IN BRIEF

Somali-Born Women Have Lowest Preterm Birth Rate in Ohio

February 20, 2018
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Researchers hope the immigrants can teach them how to reduce the rates of prematurity in the general population.

Year after year, studies have found that non-Hispanic white women have the lowest preterm birth rate in Ohio, but new research found a different trend.

Somali immigrants had a 5.9 percent preterm birth rate in the state from 2000 to 2015 compared to 7.9 percent for U.S.-born, non-Hispanic white women, investigators from Nationwide Children’s Hospital report.

The finding is surprising, says Irina Buhimschi, MD, an obstetrician/gynecologist, director of the Center for Perinatal Research at The Research Institute at Nationwide Children’s and study author. But more importantly, “this serves as a starting point for more targeted studies aimed at learning why the rate is different and how that can be applied to reduce prematurity in the general population.”

Preterm birth is the second leading cause of infant mortality, can hinder intellectual and physical development and cause a long list of long-term problems including cerebral palsy, autism, behavioral problems, vision and hearing loss, and asthma. It’s also associated with cardiovascular disease and Alzheimer’s disease later in life.

The researchers hope this study, published in Obstetrics & Gynecology, also launches more that will explain and close the persistent disparity in premature births between non-Hispanic white and non-Hispanic black women in Ohio and nationally.

The researchers analyzed state and hospital records of nearly 2 million births in Ohio. In addition to Somalis, the researchers broke out births by other African-born black women, whose prematurity rate was 8.4 percent over the 15 years. Consistent with past studies, U.S.-born non-Hispanic black women had the highest rate, at 13 percent.

“We don’t know why, but historically the United States has a higher rate of premature births than other developed countries,” says Dr. Buhimschi, who is also a professor of Pediatrics and Obstetrics/Gynecology at the Ohio State University College of Medicine. “And, why a racial disparity persists is unknown.”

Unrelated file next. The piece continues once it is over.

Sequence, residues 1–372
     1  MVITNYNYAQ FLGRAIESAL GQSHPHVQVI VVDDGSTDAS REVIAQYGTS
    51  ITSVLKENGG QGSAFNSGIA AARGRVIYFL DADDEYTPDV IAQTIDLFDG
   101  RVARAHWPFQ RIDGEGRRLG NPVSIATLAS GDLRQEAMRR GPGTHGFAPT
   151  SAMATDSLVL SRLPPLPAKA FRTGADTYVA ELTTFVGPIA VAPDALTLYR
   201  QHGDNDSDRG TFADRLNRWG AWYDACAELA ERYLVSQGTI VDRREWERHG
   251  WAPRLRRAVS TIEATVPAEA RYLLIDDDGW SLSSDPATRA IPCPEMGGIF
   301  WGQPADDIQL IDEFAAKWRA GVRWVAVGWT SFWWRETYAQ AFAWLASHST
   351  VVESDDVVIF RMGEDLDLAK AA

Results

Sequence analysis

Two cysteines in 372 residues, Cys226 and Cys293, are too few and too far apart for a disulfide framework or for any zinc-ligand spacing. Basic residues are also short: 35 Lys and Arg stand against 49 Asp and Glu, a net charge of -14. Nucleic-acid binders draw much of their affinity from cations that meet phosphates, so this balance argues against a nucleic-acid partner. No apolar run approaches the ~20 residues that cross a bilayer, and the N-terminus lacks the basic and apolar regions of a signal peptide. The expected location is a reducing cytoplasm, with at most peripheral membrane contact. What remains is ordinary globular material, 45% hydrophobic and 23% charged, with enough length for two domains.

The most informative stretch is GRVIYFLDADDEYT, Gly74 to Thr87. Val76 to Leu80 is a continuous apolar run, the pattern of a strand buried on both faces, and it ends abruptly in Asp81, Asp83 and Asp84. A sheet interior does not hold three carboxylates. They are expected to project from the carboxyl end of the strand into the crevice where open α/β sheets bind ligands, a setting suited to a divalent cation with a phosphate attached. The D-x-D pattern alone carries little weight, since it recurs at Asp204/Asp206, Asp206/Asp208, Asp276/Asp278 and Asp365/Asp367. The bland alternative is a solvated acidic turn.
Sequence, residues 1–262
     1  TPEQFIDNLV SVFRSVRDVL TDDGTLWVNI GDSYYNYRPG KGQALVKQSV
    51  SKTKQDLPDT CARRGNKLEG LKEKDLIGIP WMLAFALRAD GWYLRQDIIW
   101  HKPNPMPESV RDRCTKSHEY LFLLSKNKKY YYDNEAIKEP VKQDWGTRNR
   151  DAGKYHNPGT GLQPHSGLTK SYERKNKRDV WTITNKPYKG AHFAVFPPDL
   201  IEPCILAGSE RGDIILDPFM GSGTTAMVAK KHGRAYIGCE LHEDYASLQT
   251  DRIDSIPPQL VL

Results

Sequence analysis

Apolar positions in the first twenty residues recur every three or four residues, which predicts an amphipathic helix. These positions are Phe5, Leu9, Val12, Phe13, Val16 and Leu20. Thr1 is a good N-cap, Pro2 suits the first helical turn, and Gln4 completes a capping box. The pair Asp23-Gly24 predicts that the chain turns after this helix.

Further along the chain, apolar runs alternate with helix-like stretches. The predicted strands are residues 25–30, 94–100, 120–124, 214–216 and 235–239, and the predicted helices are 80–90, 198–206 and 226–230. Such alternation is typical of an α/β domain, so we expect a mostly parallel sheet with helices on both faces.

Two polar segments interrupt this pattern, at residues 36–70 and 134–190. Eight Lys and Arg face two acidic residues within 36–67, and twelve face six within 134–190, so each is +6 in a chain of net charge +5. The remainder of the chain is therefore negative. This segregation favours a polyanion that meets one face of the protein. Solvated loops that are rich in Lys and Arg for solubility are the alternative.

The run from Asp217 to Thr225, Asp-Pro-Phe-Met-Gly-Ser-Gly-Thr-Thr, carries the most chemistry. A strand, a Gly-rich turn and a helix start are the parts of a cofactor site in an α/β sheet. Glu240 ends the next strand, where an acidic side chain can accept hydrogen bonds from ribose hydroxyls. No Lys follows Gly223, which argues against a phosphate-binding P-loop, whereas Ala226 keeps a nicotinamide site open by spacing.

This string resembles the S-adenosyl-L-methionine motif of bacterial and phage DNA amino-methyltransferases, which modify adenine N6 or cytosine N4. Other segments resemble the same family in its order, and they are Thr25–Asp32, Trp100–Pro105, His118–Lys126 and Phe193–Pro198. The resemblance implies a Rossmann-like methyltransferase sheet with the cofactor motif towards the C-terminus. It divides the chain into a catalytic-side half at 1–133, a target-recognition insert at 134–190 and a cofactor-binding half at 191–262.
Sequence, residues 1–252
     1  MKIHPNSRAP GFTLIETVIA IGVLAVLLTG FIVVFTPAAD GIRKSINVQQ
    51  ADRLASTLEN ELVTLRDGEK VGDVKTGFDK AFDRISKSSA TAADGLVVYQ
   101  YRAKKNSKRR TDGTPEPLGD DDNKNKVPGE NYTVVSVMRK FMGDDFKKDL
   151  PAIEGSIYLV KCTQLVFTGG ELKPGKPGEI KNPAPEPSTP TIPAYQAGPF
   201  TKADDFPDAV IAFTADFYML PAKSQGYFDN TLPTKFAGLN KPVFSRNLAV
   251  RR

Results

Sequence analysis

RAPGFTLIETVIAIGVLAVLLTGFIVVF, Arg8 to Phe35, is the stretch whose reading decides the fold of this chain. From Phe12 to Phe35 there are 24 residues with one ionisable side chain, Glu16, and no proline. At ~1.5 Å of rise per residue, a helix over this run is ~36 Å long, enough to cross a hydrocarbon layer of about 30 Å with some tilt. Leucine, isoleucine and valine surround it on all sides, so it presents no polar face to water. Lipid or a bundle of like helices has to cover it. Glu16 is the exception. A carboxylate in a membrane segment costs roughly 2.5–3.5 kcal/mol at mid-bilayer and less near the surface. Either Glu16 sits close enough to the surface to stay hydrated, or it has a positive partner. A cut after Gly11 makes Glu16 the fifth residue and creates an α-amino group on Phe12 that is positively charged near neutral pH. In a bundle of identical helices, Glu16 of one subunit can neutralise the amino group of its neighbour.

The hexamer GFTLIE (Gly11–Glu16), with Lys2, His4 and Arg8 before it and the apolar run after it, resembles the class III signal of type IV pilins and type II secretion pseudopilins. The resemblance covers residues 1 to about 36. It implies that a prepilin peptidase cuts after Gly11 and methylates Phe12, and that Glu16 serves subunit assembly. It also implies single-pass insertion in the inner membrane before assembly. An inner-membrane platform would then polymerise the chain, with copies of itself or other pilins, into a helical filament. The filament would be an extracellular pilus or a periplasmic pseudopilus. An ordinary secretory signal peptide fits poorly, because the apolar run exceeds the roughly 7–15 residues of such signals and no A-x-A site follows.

Dr. Buhimschi’s fellow researchers are now studying the birth records in other states that have large Somali immigrant populations, to see if the trend is consistent. The Ohio investigators are also recruiting Somali women for studies they hope will reveal why they have the lowest rate here, and whether the rate persists as the population becomes acclimated to the United States.

“When Hispanics first came here, they had low preterm birth rates but over time, their rates climbed,” Dr. Buhimischi says. “They seemed to have had some protection against prematurity that was lost.”

Along with their low preterm rate, Somali women had the highest post-term birth rate at 5.8 percent compared to less than 1 percent for the other groups, the study found.

“It seems they have a pattern of extended pregnancy, but we don’t know if post-term birth is a positive or a negative or a tradeoff,” Dr. Buhimschi says.

She suggests that the explanation for the differences in preterm rates is likely genetic and environmental. “Some studies suggest the genome harbors areas susceptible to environmental influences.”

In addition to studying the genes of the Somali women, in upcoming studies, the researchers plan to look at factors such as diet, stress and lifestyle.

 

Reference:

Oliver EA, Klebanoff M, Yossef-Salameh, Oza-Frank R, Moosavinasab S, Reagan P, Muglia L, Buhimschi C, Buhimschi I. Preterm birth and gestational length in four race-nativity groups, including Somali AmericansObstetrics & Gynecology. 2018 Jan 9. [Epub ahead of print]

Photo credit: Nationwide Children’s